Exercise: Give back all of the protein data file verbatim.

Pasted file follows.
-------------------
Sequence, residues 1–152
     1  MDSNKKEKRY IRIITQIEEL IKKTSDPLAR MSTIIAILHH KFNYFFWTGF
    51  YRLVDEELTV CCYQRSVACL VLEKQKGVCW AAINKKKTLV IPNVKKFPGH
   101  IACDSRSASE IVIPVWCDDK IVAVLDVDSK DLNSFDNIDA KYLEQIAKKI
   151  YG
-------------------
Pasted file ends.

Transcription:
Sequence, residues 1–152
     1  MDSNKKEKRY IRIITQIEEL IKKTSDPLAR MSTIIAILHH KFNYFFWTGF
    51  YRLVDEELTV CCYQRSVACL VLEKQKGVCW AAINKKKTLV IPNVKKFPGH
   101  IACDSRSASE IVIPVWCDDK IVAVLDVDSK DLNSFDNIDA KYLEQIAKKI
   151  YG